United Overseas Bank Ltd (SGX: U11), or UOB, is the third and last local bank to report its full-year 2020 earnings.
Like its two counterparts, UOB also bore the brunt of the economic damage caused by the COVID-19 pandemic.
Its full-year 2020 net profit fell by one-third year on year due to higher allowances for bad loans.
Despite this, the bank is navigating the crisis well and has also sounded a note of optimism about 2021.
Here are five other highlights from UOB’s earnings that investors should take note of.
Buffer from fees and commission income
UOB saw its net interest income declined by 8% year on year to S$6 billion for 2020 as lower interest rates negatively impacted net interest margin.
Operating profit before allowances declined by 10% year on year as operating expenses fell less than the 9% year on year decline in total revenue.
Fees and commission income proved to be a bright spot for the bank, though.
Credit card fees did fall by 21% year on year due to lower spending but higher fees from fund management and wealth management picked up some of this slack, resulting in a 2% year on year decline in fee and commission income.
Healthy loan growth and improving NIM
UOB’s overall loan book grew 4.7% year on year to S$281.4 billion despite the tough economic conditions.
Singapore loans made up half the loan book and inched up 3% year on year to S$143 billion.
The highest growth came from Vietnam and the “Rest of the World” regions each experiencing a 17% year on year growth, albeit from a lower base.
Net interest margin (NIM) fell from 1.78% in 2019 to 1.57% last year, in line with falling interest rates and similar to what was reported by both DBS and OCBC.
The silver lining is that UOB’s NIM seems to have stabilised, with the bank seeing its second consecutive quarter on quarter rise in NIM.
NIM hit a trough two quarters ago at 1.48% but has since climbed to 1.57% as of the bank’s latest fourth quarter.
Although interest rates are forecast to stay low for the rest of 2021, UOB is confident that NIM will stabilise at current levels.
Digital platforms aiding customer growth
UOB has spent the last few years enhancing its digital capabilities with products and services such as UOB Mighty, TMWR and UOB Infinity.
These moves have served the bank well during the pandemic as they enabled it to continue engaging with customers during lockdowns.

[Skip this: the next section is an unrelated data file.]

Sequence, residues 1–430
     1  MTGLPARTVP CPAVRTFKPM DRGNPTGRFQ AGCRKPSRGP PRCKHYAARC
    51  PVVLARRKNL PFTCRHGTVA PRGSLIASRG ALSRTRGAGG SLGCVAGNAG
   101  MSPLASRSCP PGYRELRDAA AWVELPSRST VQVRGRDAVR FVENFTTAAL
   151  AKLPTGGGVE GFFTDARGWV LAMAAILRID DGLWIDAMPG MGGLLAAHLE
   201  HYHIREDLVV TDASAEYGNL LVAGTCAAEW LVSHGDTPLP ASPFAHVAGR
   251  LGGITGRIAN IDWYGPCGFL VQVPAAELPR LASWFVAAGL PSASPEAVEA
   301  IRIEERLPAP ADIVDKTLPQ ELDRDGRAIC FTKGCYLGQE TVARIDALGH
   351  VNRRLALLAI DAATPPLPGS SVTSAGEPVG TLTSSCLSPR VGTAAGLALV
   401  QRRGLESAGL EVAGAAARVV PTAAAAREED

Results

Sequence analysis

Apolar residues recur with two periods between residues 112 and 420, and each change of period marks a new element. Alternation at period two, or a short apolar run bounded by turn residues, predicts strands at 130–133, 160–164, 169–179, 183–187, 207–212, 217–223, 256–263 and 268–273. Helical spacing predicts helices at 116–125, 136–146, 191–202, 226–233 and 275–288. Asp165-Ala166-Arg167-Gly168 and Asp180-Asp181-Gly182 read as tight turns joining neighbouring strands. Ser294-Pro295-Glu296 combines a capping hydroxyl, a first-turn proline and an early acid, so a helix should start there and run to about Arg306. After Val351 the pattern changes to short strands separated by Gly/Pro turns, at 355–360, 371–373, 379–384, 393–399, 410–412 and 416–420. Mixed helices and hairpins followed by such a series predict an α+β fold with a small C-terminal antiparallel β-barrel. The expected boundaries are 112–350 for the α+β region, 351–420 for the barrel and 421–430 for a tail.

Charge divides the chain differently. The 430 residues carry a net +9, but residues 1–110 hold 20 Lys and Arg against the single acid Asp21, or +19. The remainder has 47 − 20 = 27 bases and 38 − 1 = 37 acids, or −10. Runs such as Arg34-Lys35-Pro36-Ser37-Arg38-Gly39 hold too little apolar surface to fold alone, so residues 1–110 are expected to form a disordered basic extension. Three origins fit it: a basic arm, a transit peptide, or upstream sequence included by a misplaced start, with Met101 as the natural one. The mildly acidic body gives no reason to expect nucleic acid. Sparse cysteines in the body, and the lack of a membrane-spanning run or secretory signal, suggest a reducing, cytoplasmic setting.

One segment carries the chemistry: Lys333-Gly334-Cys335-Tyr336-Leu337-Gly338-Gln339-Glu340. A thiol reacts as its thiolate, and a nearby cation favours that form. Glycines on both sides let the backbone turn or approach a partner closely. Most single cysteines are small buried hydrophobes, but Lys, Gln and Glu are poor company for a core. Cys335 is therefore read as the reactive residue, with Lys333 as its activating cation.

The investments in digital will also prepare the bank better as it faces increased competition from digital bank aspirants that are slated to launch their services by 2022.
Two-thirds of the bank’s customers were served via digital means in 2020, up from 59% a year ago.
Compared to customers that transacted through physical methods, omni-channel customers (described as one who is served using both physical and digital means) brings in 50% more revenue.
What’s more, if a customer is served exclusively through digital means, it will help to reduce the bank’s cost of serving this customer by 30%.
If UOB continues to enhance its digital offerings, it could, over time, bring down its cost-to-income ratio from the current 45.6% for 2020.
Adequately provisioned for 2021
The level of provisions made for 2020 more than tripled from S$435 million to S$1.55 billion as more companies came under financial stress.
UOB has around S$18 billion in loans under relief measures as of January 2021, taking up around 6% of the bank’s total loan book.
Of these, 90% are collateralised and the risk of them being unrecoverable is low.
The lender’s dedicated restructuring task force has been proactively engaging with its borrowers to extend support to them during these tough times.
As a result, UOB expects its credit costs to reduce this year, implying that provisions for bad loans are adequate.
A positive signal for dividends
A final dividend of S$0.39 was declared for 2020, similar to the bank’s interim dividend, taking full-year 2020’s dividend to S$0.78.
The payout ratio stood at 45% for this year, slightly below the 50% payout ratio that the bank has maintained for the past three financial years.
Investors should note, however, that each of the last three years’ dividends included a special dividend of S$0.20 per share.
For 2019, the total dividend stood at S$1.30 but if the special dividend is excluded, the total ordinary dividend would have been S$1.10.
Recall that the Monetary Authority of Singapore had called on the local banks to moderate their dividend payments to 60% of 2019’s total dividend.
UOB did pay out 60% of 2019’s dividend, but if investors used the S$1.10 ordinary dividend instead, the dividend of S$0.78 declared for 2020 would amount to around 71% of 2019’s ordinary dividend.
The bank has also reiterated its commitment to resume its 50% dividend payout ratio once the dividend cap is relaxed.
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Disclaimer: Royston Yang owns shares in DBS Group Holdings Ltd.